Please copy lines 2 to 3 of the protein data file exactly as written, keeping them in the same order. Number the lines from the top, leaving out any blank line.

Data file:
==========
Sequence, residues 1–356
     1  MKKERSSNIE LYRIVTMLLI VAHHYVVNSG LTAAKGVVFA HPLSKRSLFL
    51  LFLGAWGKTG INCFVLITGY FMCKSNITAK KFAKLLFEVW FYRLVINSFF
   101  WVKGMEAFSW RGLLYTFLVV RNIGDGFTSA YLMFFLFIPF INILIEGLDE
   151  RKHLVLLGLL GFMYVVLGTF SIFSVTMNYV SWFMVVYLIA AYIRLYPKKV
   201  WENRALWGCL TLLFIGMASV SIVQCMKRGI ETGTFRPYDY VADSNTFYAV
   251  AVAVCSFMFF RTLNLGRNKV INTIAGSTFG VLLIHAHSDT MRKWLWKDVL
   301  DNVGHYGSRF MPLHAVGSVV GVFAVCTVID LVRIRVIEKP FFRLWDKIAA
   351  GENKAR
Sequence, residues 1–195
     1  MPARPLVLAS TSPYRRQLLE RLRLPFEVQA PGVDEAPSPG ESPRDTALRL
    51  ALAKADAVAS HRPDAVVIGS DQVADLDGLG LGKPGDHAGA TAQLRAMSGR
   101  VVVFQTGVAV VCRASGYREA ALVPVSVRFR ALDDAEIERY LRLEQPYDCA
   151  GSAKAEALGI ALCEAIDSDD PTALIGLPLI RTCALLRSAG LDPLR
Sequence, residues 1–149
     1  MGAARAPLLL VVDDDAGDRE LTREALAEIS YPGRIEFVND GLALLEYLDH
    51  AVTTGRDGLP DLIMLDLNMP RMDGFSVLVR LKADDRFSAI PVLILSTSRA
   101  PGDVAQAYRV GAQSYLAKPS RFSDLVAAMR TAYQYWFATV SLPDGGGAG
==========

     1  MKKERSSNIE LYRIVTMLLI VAHHYVVNSG LTAAKGVVFA HPLSKRSLFL
    51  LFLGAWGKTG INCFVLITGY FMCKSNITAK KFAKLLFEVW FYRLVINSFF